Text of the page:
Unfortunately, however, most of the academic understanding of shareholder stewardship is based on the idiosyncratic UK/US shareholder landscape, which the paper aims to change. In this context, the paper demonstrates that UK-style stewardship codes have been transplanted into jurisdictions in which institutional investors are collectively minority shareholders and controlling shareholders predominate, making them “legal misfits”. Given this reality, shareholder stewardship will not transform passive institutional investors into actively engaged shareholder stewards to solve systemic corporate governance problems almost anywhere—because as a global legal misfit it is incapable of doing this outside of the UK/US. Even if the global proliferation of UK-style stewardship codes succeeds in incentivizing institutional investors to become actively engaged shareholders (which based on the UK’s history is itself unlikely), they nevertheless will in most cases only be able to act collectively as minority shareholders—not as stewards of listed companies.

Ultimately, the paper demonstrates that the global shareholder stewardship movement has been coopted by governments and institutional investors to serve their own purposes. The result is that shareholder stewardship serves diverse functions globally—such as, a mechanism for governments to engage in halo signaling, a tool for governments to advance their political agendas, or a mechanism for institutional investors to stave off being regulated by the government. This development is something that the original drafters of the UK Code would never have anticipated.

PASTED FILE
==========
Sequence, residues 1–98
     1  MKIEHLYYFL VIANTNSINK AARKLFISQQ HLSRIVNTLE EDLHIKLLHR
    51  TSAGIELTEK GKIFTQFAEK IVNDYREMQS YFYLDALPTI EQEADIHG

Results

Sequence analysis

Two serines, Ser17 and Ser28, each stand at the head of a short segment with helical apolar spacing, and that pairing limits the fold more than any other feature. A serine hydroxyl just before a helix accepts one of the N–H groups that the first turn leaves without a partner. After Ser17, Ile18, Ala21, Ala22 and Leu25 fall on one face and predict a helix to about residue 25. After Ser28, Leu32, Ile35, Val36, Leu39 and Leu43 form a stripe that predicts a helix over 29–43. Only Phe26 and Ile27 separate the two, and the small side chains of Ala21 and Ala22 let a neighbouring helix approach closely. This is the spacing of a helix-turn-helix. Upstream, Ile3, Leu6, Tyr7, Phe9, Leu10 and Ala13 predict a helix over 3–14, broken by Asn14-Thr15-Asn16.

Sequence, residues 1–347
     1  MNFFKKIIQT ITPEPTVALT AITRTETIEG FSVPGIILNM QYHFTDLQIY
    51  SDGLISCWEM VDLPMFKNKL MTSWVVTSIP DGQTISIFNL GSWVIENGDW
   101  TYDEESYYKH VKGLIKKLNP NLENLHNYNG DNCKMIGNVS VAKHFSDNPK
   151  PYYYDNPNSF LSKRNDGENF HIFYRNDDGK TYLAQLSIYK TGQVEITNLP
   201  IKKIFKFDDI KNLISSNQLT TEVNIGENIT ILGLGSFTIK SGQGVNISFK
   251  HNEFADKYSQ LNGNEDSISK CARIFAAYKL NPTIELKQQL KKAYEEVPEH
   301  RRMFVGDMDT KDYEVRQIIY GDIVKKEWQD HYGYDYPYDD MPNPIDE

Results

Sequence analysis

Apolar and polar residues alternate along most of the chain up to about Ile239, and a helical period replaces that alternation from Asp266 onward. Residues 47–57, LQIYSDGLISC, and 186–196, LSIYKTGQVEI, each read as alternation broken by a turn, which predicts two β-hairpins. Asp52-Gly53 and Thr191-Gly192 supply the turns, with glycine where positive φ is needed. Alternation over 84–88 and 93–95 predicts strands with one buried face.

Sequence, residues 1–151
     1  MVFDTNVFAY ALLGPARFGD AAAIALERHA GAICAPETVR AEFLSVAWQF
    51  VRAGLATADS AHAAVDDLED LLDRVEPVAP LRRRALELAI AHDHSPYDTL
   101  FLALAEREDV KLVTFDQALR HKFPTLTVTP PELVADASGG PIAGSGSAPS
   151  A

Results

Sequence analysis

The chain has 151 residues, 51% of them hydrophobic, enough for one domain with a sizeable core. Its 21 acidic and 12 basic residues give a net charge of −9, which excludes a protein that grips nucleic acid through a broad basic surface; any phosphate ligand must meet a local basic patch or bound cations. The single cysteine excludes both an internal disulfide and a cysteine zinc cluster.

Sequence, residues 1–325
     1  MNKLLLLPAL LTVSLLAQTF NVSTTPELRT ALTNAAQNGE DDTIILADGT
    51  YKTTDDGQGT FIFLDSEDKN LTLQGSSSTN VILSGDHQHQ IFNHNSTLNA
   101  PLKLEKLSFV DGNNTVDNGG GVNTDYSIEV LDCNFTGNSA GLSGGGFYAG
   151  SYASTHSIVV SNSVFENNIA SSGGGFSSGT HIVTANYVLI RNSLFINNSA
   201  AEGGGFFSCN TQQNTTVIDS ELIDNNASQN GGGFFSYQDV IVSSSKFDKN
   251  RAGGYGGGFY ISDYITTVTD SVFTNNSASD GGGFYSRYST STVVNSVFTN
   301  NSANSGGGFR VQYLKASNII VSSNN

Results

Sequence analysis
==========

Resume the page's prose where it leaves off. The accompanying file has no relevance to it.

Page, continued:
Finally, with the increasing focus on corporate purpose and the related rise of ESG—both of which will likely increase post-Covid 19—the need for governments and institutional investors to be seen to be acting in the interests of society, and especially the environment, is likely to intensify. As such, more UK-style stewardship codes will likely be adopted—but merely as a convenient mechanism for governments and institutional investors to signal a shift in focus towards a more inclusive society, the environment, and corporate purpose, using the bright lights of stewardship. This may shift attention away from the hard law reforms that are required to bring about real change in jurisdictions where institutional investors are weak minorities and controlling shareholders dominate. For reforms in these jurisdictions to have bite, the entrenched interests of controlling shareholders will have to be challenged—something which powerful corporations, families, and governments, who themselves are the dominant controlling shareholders around the world, will likely be able to avoid.

The complete paper is available for download here.

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One Comment

  1. Eran Rozman
    Posted Tuesday, July 13, 2021 at 3:19 am | Permalink

    I’d like to suggest a more nuanced approach to your determination of the extent of legal misfits. I think that besides comparing institutional shareholders’ holdings to those of a major non institutional shareholder, one more factor relevant to evaluating the influence of institutional shareholders is the applicable corporate governance. Take for example the Israeli case (that I’m familiar with as the author of a newly published book on the Israeli Companies Law). Although most Israeli public companies have a controlling shareholder, the law dictates a majority of minority rule in ten different instances. Under such corporate governance rules, the influence of institutional shareholders should be determined by comparing their holdings to the holdings of the rest of the minority shareholders. Such influence goes beyond the aforementioned ten instances, because these rules motivate management to engage with large institutional investors (see Nili Yaron & Kastiel Kobi, Competing for Votes (2020)).